First, know that Christmas trees shed some inside needles every fall, and sometimes these needles get stuck in the branches. This is normal for an evergreen. It is not the sign of an 'old' tree. When cutting down a tree, clear branches and the area so you can see what you are doing (pictured). Then, cut straight across the trunk, parallel to the ground.
Once you have the tree home, make a fresh cut, straight across the tree trunk, about an inch above the original cut. This re-opens the tree stem 'arteries' so it can take up water. Then, plunge the trunk end immediately into fresh water, and keep it in water. Water daily.
Christmas trees can absorb up to a gallon of water per day. A lot. Don't let the water level drop below the end of the trunk, or a seal will form, and you will have to cut off the end, again, to allow it to drink and stay fresh. A well-watered tree is a nicer smelling tree and less of a fire hazard.
Blue Spruce have a gorgeous gray-blue appearance. They are also known for their sharply pointed needles and strong branches for heavy ornaments. The needles can be a little too picky for little children, but they may keep the cat away. These trees are perfect if you like to hide gifts 'in' the tree.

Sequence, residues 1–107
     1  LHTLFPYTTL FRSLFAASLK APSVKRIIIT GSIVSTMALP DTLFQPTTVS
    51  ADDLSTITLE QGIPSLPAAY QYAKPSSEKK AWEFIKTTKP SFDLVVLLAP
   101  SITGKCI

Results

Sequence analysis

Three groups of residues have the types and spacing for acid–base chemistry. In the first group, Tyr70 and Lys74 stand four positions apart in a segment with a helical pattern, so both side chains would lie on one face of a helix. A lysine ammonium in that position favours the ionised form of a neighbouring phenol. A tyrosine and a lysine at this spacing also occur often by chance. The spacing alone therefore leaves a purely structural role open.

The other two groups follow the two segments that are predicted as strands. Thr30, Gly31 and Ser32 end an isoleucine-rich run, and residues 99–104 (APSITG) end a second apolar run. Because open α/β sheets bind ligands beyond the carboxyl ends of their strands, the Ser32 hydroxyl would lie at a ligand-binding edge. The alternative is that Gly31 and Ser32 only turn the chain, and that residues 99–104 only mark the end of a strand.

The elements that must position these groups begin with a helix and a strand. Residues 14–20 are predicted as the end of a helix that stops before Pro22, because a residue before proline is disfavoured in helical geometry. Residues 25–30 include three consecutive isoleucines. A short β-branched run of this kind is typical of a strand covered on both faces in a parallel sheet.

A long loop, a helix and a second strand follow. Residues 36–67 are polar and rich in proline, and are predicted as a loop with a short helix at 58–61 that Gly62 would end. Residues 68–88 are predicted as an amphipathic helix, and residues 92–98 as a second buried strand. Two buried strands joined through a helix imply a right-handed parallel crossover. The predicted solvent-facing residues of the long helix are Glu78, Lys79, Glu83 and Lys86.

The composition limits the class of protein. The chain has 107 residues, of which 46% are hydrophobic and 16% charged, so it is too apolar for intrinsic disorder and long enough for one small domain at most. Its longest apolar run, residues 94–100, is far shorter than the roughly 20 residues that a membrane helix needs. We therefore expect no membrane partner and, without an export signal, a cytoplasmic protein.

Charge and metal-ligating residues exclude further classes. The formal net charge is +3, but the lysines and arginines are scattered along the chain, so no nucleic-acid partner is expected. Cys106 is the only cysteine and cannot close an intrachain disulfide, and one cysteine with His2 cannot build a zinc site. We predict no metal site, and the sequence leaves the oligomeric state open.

The Fraser [Fray-shur] Fir has good needle retention, is dark blue-green in color, and a very nice scent. This is a very popular Christmas tree choice. These pyramidal-shaped trees are similar to a Balsam. * If you want a particular tree type, just ask.
Canaan (pronounced Kah-non) is a newer Christmas tree favorite. First identified in the Canaan Valley in West Virginia, this tree is very similar to the Balsam and Fraser.
White Pine is a traditional, long-needled trees favored by some folks. A soft appearance and the familiar 'pine woods' scent are their best attributes.
Pyramidal and stately shaped evergreen. Terrific scent and softer needles. Loved by many cats, too.